Toxic Algae Blooms Occurring More Often, May Be Caught in Climate Change Feedback Loop

This article discusses the impact that climate change is having on algae and GHGs.

The blooms, primarily fed by farm runoff but exacerbated by warming, release methane and CO2. Lake Erie is a ‘poster child’ for the challenge.

Blooms of harmful algae in the nation’s waters appear to be occurring much more frequently than in the past, increasing suspicions that the warming climate may be exacerbating the problem.

The Environmental Working Group (EWG) published newly collected data on Tuesday reporting nearly 300 large blooms since 2010. Last year alone, 169 were reported. While NOAA issues forecasts for harmful algal blooms in certain areas, the advocacy group called its report the first attempt to track the blooms on a nationwide scale.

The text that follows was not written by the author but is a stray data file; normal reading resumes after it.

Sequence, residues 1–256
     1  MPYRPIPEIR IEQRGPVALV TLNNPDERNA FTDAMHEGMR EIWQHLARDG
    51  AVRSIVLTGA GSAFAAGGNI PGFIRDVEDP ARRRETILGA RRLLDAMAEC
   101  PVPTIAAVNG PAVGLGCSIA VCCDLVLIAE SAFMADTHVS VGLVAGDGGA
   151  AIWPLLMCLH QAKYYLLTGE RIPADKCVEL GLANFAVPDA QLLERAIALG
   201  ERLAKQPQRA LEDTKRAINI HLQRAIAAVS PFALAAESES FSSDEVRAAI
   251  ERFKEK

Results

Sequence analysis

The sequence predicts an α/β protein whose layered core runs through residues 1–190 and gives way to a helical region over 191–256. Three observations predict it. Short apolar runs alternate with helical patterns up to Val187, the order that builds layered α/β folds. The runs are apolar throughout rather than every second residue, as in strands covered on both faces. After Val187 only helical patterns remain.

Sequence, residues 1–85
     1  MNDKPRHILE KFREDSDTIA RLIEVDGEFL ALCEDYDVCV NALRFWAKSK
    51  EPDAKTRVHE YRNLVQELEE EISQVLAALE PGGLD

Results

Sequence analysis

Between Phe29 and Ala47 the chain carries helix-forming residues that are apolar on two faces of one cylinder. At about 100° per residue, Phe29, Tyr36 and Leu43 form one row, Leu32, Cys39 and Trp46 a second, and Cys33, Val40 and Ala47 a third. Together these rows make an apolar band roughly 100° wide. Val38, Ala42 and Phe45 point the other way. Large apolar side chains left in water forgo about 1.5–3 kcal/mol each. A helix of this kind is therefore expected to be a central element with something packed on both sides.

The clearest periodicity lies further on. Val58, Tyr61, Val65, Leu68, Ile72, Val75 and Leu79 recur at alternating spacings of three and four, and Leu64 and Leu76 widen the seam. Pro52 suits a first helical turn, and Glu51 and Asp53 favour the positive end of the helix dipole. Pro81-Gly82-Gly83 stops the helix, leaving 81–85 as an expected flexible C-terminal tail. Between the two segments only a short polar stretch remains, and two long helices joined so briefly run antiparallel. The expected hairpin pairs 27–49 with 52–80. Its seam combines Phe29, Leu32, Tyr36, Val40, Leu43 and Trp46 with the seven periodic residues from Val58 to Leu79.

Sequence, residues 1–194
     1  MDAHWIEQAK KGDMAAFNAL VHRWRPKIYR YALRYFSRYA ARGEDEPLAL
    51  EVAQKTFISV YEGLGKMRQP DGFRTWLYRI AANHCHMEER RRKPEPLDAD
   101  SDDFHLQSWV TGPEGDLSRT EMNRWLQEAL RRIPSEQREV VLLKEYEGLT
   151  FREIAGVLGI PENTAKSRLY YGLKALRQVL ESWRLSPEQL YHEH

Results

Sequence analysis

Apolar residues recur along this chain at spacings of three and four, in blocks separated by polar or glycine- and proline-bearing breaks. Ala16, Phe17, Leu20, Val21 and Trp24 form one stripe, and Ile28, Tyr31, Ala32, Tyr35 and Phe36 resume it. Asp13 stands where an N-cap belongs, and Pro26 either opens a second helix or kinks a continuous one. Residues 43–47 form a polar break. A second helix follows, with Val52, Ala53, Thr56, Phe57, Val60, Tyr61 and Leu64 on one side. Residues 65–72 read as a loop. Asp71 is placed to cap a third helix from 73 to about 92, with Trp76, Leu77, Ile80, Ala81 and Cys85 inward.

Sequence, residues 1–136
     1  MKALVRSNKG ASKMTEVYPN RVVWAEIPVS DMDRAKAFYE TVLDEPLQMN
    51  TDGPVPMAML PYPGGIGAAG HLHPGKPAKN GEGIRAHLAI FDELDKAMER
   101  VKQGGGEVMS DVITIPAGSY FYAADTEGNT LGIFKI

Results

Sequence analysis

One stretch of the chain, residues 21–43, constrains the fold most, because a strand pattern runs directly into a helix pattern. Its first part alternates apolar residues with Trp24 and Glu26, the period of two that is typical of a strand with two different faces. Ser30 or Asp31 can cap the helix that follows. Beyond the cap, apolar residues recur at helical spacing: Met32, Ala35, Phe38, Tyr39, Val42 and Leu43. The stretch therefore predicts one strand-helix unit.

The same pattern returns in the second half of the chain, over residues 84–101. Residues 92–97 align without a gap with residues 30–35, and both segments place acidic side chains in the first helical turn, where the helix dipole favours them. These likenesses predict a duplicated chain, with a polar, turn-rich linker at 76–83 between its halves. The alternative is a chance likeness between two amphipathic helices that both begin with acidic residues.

The study comes as scientists have predicted proliferation of these blooms as the climate changes, and amid increasing attention by the news media and local politicians to the worst cases.

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